A slew of Canadian-produced video games are on display at this year’s E3 Expo, putting a spotlight on the strength and vitality of Canada’s growing video game industry. At this year’s E3 Expo, taking place in Los Angeles from June 10 to 13, 2013, Canadian-developed games from ESAC member companies include:
- Assassin’s Creed 4: Black Flag (Ubisoft)
- Batman: Arkham Origins (Warner Bros. Games Montreal)
- Below (Capybara Games/ Microsoft Studios)
- Dragon Age: Inquisition (Bioware / Electonic Arts)
- Gangstar Vegas (Gameloft)
- The Mighty Quest for Epic Loot (Ubisoft)
- NHL 2014 (Electronic Arts)
- FIFA 2014 (Electronic Arts)
- Splinter Cell: Blacklist (Ubisoft)
- Watch Dogs (Ubisoft)
“Canada continues to bring some of the biggest and most critically-acclaimed games to E3,” said Jayson Hilchie, President and CEO of the Entertainment Software Association of Canada (ESAC). “When you look at the most anticipated games at the Expo, a significant portion of them are made in Canada; that’s a source of tremendous pride for all Canadians,” he added. “With some of the world’s largest video game studios located in Canada, our video game industry is considered the biggest in the world on a per capita basis. E3 is a great showcase not only for our biggest games, but for Canadian creativity as well,” says Hilchie.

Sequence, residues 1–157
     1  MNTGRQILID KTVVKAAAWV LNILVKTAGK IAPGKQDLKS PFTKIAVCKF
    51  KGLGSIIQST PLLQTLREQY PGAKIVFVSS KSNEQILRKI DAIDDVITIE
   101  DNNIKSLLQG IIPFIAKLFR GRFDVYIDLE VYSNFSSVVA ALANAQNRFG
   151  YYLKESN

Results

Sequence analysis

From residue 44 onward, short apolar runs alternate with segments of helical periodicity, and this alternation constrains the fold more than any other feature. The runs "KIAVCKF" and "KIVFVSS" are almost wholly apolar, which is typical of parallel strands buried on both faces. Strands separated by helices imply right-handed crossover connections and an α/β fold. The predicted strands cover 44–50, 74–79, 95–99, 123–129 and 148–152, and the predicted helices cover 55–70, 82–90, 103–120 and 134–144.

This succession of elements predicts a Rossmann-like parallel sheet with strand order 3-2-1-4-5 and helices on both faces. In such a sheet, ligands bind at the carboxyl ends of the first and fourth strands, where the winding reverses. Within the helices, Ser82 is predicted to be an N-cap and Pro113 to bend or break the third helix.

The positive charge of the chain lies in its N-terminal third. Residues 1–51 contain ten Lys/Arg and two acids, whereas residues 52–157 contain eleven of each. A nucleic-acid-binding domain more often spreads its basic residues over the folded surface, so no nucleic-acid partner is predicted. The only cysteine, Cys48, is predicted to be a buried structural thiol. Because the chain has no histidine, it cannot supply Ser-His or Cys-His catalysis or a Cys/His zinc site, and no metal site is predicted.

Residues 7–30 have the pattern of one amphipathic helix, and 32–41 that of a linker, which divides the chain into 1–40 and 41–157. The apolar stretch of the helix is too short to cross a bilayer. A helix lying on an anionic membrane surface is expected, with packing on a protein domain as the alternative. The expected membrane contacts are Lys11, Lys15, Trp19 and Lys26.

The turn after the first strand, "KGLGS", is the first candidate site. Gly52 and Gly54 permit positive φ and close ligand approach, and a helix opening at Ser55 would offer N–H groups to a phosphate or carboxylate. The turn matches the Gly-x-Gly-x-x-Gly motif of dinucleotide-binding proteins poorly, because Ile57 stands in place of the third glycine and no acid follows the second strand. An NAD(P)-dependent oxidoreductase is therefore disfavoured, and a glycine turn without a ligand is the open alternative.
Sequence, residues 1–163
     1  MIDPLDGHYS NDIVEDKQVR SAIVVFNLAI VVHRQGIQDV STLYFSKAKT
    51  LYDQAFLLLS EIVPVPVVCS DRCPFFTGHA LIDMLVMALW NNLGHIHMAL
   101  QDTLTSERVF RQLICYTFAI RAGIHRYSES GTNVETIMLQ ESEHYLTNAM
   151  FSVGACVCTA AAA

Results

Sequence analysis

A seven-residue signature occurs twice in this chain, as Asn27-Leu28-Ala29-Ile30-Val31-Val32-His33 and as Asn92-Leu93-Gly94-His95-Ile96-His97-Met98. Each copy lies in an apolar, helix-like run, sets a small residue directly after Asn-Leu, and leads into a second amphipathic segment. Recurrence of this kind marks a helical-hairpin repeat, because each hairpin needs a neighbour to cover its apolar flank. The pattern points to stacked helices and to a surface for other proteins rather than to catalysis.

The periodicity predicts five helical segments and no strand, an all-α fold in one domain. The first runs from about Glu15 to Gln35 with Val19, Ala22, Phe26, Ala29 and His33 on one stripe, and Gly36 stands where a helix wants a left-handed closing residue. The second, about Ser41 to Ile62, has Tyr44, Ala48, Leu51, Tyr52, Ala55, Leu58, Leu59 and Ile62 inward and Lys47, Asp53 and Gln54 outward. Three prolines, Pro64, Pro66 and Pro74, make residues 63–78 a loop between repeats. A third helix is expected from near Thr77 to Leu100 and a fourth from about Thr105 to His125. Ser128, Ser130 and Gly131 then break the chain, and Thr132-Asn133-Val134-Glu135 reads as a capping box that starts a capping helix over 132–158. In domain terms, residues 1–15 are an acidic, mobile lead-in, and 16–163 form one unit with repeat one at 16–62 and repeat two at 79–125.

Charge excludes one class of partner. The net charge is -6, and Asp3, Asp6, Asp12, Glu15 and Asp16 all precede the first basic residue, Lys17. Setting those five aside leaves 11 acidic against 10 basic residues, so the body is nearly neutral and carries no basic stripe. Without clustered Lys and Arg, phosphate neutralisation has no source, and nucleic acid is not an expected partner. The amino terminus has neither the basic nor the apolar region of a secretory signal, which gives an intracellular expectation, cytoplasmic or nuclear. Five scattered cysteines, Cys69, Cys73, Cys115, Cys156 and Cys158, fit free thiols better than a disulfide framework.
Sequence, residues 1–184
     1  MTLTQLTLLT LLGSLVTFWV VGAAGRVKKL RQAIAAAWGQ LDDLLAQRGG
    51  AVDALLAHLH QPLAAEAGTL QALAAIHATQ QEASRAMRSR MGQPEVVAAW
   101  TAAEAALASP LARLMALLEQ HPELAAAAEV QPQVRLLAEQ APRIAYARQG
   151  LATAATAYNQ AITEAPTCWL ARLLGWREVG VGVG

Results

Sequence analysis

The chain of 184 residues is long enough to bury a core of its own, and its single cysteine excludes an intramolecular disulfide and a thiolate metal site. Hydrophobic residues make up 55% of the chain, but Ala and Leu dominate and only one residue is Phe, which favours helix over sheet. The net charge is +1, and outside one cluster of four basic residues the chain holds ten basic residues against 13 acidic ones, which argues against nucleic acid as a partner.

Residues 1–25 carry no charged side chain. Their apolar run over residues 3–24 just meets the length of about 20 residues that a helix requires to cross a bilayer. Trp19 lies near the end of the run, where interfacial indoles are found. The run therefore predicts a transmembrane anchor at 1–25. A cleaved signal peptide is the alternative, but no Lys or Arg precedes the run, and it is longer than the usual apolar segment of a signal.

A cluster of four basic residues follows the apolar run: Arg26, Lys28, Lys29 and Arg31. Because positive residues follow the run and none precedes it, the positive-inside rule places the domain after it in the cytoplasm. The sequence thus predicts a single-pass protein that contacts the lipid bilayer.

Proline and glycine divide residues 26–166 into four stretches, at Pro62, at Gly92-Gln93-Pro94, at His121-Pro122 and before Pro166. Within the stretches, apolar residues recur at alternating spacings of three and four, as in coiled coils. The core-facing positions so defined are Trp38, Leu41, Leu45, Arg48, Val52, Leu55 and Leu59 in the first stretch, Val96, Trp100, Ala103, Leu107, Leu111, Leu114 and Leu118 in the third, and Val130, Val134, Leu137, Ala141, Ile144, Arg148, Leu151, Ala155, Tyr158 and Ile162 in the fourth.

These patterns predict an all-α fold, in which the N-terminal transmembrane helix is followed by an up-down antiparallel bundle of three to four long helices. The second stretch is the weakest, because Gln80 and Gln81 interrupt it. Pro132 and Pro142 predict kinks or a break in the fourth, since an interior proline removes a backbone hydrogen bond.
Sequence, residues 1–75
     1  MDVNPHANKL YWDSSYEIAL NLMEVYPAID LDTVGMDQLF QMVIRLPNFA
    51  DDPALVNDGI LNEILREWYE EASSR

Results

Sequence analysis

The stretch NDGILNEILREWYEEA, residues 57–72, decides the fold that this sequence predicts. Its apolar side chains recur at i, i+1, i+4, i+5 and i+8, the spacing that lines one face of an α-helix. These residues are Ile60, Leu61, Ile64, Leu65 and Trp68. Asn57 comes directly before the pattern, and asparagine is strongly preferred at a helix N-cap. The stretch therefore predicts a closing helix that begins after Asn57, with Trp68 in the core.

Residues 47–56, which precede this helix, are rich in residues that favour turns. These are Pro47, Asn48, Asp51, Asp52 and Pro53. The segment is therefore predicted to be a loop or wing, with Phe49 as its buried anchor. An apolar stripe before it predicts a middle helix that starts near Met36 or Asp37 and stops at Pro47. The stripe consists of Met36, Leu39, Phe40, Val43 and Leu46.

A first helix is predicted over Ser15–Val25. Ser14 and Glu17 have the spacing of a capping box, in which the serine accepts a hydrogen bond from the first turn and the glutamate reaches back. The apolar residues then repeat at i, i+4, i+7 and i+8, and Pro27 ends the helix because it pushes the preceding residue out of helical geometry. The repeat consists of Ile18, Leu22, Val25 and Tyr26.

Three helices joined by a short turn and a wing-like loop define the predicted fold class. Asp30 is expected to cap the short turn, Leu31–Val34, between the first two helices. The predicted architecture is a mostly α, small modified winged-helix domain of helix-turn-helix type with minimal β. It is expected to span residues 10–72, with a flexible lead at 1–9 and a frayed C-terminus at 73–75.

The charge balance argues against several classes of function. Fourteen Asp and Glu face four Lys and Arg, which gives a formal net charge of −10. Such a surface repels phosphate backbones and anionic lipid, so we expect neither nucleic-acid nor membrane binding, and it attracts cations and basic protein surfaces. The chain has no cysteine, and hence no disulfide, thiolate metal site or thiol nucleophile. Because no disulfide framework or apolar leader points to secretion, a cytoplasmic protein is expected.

New research conducted for ESAC by Nordicity shows that although only 16% of projects completed in 2012 were games for consoles, those projects account for the majority share (66.5%) of revenues by studios in Canada. Canadian companies report that the average budget for the production of a console game is $8.7 million and that it’s produced by an average team of 65 persons in just over a year and a half. Although 84% of the 329 video game studios in Canada are working on games for mobile devices, 48% of studios are still devoting some of their resources to console games.
Canada’s video game industry directly employs 16,500 Canadians – up 5% from two years ago, indicating that despite some turmoil, Canada’s industry is still growing at a moderate pace. Canada – through effective provincial strategies and by benefiting from some of the world’s most creative workers – has developed an industry that now contributes over $2.3 billion to the Canadian economy.